13 places in London where you’ll find rodents
Rodent control measures will differ depending on the type of environment that need to be treated. Inoculand Ltd Pest Control Head Biologist, Daniel Neves talks about 13 types of locations in London where rodents can be seen regularly.
1. Park buildings
In most parks you can find singled out buildings with nothing around but grass and trees. These buildings are often owned by the local council and can host a variety of parks and leisure services. Other buildings can be historical, such as an old fire brigade station that has been developed into residential quarters by private investors.
Park buildings are the only standing structures and can offer a host of benefits to rodents such as foodstuff and shelter from the elements. The best rodent control in such circumstances is rodent proofing in order to keep them out. There are three types of rodents that can easily infest such buildings: rats, mice and squirrels. Placing rodent mesh over the air bricks will stop ingress of mice. If there is a gap below the doors, place a draught excluder or a threshold bar there. Sealing any gaps in the external masonry work will stop mice and rats. And securing the roof line at fascia level or around the gutter pipes with mesh will be the best squirrel deterrent.
If you find a squirrel nest or even only squirrel poop, back off immediately and call a squirrel pest control service right away.
2. Large residential developments
In a block of flats, everything communicates following the pipes and electric wires—from the service areas to the risers.
Rodents do not appear from thin air
It is very difficult to ensure that rodents do not ever enter the fabric of the building. So, the challenge then becomes managing whatever rodents have gotten in and preventing any infestation from building up and spreading.
The best rodent control strategy is prevention. By having a pest control contract in place, we can place bait boxes or traps in critical areas to take care of the rodents before they begin breeding and spreading further. For a block of flats, rodent control is quite straightforward for mice, but can be very challenging for rats that are often linked to the sewers and connecting drains.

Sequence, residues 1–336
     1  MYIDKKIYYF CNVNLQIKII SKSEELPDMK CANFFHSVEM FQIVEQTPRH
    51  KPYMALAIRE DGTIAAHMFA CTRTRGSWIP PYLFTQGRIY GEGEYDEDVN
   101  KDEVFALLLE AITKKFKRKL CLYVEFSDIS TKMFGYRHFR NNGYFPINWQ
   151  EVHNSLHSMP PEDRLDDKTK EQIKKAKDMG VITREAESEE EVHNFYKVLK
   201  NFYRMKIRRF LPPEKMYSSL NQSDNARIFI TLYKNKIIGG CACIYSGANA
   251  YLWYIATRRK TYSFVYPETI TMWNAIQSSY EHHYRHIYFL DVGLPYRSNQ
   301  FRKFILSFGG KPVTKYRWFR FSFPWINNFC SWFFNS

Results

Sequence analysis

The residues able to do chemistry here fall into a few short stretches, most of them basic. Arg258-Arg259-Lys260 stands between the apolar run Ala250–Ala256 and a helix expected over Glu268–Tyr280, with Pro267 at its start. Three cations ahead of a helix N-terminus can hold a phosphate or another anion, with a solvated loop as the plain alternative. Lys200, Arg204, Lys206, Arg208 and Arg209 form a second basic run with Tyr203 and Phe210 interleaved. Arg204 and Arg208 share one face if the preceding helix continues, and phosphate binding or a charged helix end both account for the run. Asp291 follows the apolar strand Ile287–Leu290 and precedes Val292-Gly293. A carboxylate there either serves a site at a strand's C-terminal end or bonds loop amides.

Block management companies who do not have an efficient mice control strategy in London run the risk of having residual levels of activity spreading unnoticed toward the upper floor until the mice find a suitable flat that will allow them to breed exponentially. Once the rodent infestation is established it will then affect all the surrounding flats.
I recall a particular block of flats in Newington SE11, where a gentleman on the sixth floor was living in the most squalid conditions. Mice had eventually found his flat, and with it an unlimited food supply and a tenant who would not care. Eventually the infestation affected the surrounding neighbours who reported the issue one after the other. Then eventually, complaints started on the seventh and then fifth floors. It is only further down the line that the landlord managed to force entry, declutter and disinfect the flat and sort out the rodent infestation.
3. Next to major refurbishments
When you refurbish a house, any nesting rodents will go somewhere else, probably next door. The noise and vibration will disturb the local mice population and increase the chance of sightings.
The best rodent control approach in this case is to carry out a round of preventive treatments before or as the work begins. It is also essential that the builders do not leave any waste pipes uncapped while a toilet is being disconnected. Even work at street level may cause sudden outbreaks or push the rodents escaping the underground/foundation areas toward the habited levels.
4. Run-down properties
Normally, a void property would not have the necessary foodstuff to sustain a large mice population. However, the worst jobs I have ever seen were linked to tenants living in a run-down home with broken kitchen units where mice were able to readily access the food.
Keeping foodstuff in sealed containers or in upper kitchen units will not only protect your health, but will possibly be the most efficient rodent control step you can take in this instance. The maintenance and upkeep of a property can be costly and if you do not have the means or ability to refurbish your property, contact social service or your local authority for help.
5. Properties with elderly and vulnerable tenants
London can be a lonely place for senior citizens, and families are not always at hand to help or to take notice if there is a problem.
As well, social services can only do so much, and so much is sometimes not enough. There are individuals who are living in terrible conditions, and this may only come to the attention of social services because of an accident or medical condition requiring hospitalisation.
The properties are at times left empty for months, with the food all around. Even though the property gets decluttered and cleaned, unless sufficient support can be provided when the tenant returns, it’s likely that the property will soon return to a similar state.
If at all possible, carrying out the rodent proofing of a flat that is prone to rodent activity will not only protect it from re-infestation, but will also protect the neighbours when the personal condition of the flat or tenant deteriorates again.